Designing for Privacy: Architecture in the Surveillance Age
As artificial intelligence-enhanced surveillance and facial recognition becomes more sophisticated and prevalent, how is architecture responding? Luke Christou explores how societal concerns surrounding the technology are giving rise to new architectural typologies, and how it could become a key factor in future residential design
Images courtesy of Perkins+Will
Mecanoo's design for Futian Civic Culture Center in Shenzhen, China, features numerous sky gardens | Image courtesy of Mecanoo
While China continues to set new benchmarks for mass surveillance, having recently introduced a requirement for smartphone users to scan their face when registering new devices, the rest of the world is following in its steps with the increased deployment of artificial intelligence-enhanced surveillance technology.
Last year, King’s Cross station in London – the world’s most surveilled city outside of China – confirmed that it was using facial recognition to track the tens of thousands of visitors that pass through the area each day.
“We use cameras around the site," a statement from developer Argent confirmed. “These cameras use a number of detection and tracking methods, including facial recognition, but also have sophisticated systems in place to protect the privacy of the general public."
According to Argent, the property developer behind King’s Cross, these cameras were deployed “in the interest of public safety”. However, following backlash from the public, academics, and government officials, the developer scrapped the use of facial recognition at the site.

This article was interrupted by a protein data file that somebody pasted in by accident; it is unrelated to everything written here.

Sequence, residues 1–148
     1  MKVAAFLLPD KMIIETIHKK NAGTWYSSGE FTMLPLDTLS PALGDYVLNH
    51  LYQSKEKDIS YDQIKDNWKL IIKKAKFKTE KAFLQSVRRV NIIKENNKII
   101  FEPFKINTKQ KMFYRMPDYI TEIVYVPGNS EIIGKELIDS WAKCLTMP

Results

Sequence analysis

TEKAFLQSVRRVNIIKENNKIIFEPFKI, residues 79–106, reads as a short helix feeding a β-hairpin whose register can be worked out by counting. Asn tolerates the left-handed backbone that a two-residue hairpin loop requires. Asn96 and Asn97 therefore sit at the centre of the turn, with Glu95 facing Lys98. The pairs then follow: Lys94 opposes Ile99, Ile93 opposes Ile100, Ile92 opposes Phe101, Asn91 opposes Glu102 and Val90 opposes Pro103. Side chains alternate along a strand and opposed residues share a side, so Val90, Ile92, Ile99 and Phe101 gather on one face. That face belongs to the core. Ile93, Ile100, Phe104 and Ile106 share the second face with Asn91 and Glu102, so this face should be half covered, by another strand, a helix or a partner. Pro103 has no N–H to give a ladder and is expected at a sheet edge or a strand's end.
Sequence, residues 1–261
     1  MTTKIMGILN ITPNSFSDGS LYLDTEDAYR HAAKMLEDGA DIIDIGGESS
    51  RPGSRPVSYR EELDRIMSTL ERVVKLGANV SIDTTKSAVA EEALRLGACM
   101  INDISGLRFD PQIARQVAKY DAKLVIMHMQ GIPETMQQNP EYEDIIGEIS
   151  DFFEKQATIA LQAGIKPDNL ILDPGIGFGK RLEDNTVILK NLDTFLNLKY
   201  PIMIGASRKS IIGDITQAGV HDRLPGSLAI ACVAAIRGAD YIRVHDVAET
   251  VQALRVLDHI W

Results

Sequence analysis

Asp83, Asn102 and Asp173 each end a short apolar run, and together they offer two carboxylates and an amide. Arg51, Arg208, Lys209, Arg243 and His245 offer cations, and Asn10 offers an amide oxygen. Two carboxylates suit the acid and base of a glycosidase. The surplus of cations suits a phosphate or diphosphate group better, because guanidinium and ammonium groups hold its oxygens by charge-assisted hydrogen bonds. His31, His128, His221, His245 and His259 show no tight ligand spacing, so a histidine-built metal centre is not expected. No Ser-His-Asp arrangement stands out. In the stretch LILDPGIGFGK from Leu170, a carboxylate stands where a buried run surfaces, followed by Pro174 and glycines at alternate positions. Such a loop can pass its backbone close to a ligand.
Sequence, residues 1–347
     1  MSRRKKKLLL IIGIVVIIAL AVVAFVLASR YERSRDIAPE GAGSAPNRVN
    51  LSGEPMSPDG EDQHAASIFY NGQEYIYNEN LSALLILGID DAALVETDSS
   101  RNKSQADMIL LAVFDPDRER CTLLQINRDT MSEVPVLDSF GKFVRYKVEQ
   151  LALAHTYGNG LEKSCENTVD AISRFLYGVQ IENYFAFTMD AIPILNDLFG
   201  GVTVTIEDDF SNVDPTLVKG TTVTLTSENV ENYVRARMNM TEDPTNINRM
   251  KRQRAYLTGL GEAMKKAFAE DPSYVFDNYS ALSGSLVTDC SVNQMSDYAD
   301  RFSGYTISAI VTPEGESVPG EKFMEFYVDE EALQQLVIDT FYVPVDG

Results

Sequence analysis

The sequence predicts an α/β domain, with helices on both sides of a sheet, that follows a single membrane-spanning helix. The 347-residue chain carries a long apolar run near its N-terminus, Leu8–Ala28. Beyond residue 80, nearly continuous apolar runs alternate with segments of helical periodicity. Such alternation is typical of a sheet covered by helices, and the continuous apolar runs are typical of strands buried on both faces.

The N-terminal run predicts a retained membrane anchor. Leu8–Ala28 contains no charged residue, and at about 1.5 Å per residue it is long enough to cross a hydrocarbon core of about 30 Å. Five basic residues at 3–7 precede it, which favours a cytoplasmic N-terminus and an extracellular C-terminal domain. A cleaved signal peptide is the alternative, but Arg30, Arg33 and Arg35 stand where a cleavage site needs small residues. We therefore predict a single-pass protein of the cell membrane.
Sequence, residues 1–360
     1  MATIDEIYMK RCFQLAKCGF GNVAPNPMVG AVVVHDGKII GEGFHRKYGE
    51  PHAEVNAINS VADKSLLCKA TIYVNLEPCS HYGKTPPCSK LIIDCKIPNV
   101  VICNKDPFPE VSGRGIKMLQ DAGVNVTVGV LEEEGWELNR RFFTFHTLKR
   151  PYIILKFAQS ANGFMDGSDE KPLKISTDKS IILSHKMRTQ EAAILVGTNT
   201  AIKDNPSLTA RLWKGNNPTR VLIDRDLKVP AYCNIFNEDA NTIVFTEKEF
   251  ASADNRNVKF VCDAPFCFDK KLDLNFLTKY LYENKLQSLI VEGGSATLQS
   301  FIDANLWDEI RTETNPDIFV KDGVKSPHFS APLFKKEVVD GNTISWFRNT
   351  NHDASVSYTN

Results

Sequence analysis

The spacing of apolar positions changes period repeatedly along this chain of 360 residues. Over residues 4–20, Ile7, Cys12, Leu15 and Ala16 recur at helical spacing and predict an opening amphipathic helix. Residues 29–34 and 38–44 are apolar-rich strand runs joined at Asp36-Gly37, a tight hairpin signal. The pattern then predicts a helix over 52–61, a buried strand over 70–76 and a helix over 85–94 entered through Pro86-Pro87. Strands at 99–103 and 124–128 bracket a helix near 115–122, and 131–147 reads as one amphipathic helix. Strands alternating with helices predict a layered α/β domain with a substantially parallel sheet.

While studies show that most people are accepting of surveillance technology when there is a clear public benefit, there is also widespread concern that its use could normalise surveillance and erode privacy. A recent study by the Ada Lovelace Institute, for example, found that 70% agree with the use of facial recognition during police investigation. In contrast, just 4% would support the use of facial recognition in the workplace, citing a lack of trust in the private sector to use the technology ethically.
The paint colour Coolest White is designed to reduce absorption and emission of the sun's rays by 12% | Image courtesy of UN Studio
House of Fluctuations, designed by Satoru Hirota Architects, provides its occupants with extra privacy in one of Tokyo’s dense residential neighbourhoods. Images courtesy of Satoru Hirota Architects
Designing for privacy
“AI-enhanced surveillance is of course, vital for public safety, however, it also has a significant impact on privacy,” Dorothy Edgar, a spokesperson for London-based digital modelling firm Modelling Architecture, says.